It’s all academic for me


How long have you been doing this job and what first sparked your interest in this area?

I started my role at UTS in 2019 after completing my PhD. I was inspired by many of the great teachers I had in my undergraduate studies who developed my passion for the area I now teach and research in. After a few years working in the public sector after completing my honours degree, I was encouraged to undertake a PhD which examined teacher union responses to neoliberalism as part of a broader international collaborative project looking at teachers’ working conditions in the context of marketisation and school choice in Australia and Sweden.

What do you like most about the job?

There is a growing emphasis in academia around conducting research that has real-world impact and drives social justice outcomes in society. I love that my work lets me not only challenge established ways of thinking through my scholarly publications, but potentially shape debate and public views through the media and informing policy.

What is the most unexpected thing you have had to do in your job?

I have been very lucky to contribute to leading UTS’s U@Uni Academy Program which provides an alternative pathway to tertiary education for high school students from low socioeconomic status backgrounds. I was born, grew up, and attended public schools in south-west Sydney and feel very privileged to support my community and help students develop skills and capabilities to succeed at university.

How have you adapted to online learning and to other challenges during the coronavirus pandemic?

Before the onset of the pandemic, I taught one class on campus in 2020. Since March I have delivered more than 100 online classes. The rapid shift to online learning became a significant learning experience for me, not only in new online platforms, but thinking how to retain the “human” connection in teaching and developing renewed empathy as an educator for students studying overseas, feeling the personal and financial effects of the pandemic, or even now completing group work remotely. While everyone was practising social distancing, it also highlighted the importance of staying socially connected to my colleagues, whether it was having virtual morning teas or participating in forums to share new teaching and learning strategies.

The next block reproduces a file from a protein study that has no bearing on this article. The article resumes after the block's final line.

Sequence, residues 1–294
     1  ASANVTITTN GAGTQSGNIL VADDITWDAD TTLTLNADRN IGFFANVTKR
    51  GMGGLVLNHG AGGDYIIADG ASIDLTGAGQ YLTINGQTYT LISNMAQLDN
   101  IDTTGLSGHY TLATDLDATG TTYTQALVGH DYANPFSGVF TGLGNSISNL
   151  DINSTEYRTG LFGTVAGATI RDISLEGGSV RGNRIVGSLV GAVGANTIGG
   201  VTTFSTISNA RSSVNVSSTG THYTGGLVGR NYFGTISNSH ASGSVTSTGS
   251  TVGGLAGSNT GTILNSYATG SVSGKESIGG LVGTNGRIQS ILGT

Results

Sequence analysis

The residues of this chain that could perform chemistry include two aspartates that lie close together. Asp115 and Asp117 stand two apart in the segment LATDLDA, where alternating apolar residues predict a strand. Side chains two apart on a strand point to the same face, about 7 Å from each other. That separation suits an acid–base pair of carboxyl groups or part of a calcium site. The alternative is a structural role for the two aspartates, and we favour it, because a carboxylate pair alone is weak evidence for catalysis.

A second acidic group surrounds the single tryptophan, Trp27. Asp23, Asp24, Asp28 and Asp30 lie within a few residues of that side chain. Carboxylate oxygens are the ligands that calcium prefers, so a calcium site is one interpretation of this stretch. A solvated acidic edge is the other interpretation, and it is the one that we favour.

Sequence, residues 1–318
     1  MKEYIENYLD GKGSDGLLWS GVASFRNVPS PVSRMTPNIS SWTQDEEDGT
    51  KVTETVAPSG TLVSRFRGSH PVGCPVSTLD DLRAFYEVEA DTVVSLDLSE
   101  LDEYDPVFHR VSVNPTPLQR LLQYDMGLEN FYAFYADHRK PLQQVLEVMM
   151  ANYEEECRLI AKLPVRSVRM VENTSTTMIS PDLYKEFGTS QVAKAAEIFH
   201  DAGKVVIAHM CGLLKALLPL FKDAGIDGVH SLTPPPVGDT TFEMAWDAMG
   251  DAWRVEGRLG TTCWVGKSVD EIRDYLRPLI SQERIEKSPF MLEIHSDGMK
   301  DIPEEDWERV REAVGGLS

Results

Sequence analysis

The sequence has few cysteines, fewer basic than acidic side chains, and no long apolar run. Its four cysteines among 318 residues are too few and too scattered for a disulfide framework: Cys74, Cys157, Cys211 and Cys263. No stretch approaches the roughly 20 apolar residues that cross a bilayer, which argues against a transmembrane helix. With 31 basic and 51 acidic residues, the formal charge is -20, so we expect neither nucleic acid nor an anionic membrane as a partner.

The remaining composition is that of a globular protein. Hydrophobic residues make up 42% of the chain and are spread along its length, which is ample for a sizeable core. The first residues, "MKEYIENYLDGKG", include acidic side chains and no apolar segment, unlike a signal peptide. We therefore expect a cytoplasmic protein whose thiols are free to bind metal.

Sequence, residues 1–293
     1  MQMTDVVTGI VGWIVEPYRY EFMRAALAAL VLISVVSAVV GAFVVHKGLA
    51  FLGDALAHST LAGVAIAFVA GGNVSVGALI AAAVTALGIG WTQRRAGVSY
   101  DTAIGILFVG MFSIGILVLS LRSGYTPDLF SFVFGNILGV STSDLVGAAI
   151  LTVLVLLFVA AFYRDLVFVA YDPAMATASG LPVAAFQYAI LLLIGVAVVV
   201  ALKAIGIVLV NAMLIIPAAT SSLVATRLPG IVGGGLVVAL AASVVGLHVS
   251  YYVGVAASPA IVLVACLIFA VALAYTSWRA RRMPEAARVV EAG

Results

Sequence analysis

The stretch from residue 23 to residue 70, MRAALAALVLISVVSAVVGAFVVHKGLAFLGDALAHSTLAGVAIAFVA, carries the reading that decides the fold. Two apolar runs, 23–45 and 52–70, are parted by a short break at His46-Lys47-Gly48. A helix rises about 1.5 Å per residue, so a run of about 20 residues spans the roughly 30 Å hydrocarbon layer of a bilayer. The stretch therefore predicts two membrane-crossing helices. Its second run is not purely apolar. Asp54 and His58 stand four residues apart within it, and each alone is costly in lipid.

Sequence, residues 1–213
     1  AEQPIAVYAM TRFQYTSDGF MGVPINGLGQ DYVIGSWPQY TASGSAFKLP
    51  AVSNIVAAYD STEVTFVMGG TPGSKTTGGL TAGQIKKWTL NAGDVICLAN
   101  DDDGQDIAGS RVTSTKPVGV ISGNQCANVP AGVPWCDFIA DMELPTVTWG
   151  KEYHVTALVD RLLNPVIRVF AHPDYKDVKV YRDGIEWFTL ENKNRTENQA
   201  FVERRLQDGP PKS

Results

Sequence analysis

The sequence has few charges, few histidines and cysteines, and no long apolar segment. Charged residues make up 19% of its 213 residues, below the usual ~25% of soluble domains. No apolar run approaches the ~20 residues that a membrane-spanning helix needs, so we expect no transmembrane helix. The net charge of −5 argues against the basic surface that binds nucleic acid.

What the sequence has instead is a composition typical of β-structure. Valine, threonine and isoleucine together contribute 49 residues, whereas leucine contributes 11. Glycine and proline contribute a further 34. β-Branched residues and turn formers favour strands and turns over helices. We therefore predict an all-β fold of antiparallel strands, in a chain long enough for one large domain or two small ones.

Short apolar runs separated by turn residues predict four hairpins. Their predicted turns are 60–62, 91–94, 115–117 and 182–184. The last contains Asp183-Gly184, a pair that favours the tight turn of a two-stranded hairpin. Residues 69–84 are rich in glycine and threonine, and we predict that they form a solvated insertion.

How transferable are your skills?

The skills that academics attain are very transferrable to different sectors – leadership, research, analysis, evaluation, managing projects, collaborating with others, critical thinking, communicating to different audiences and through different media, as well as developing personal skills like adaptability and resilience.

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What advice do you have for people wanting to get into this career?

While studying, think about how you want to build your profile as an academic in your field and how your unique profile sets you apart. Networking, collaborating with others and building good relationships is key. Consider how your research can make a contribution not only to knowledge and your field, but to your community more broadly.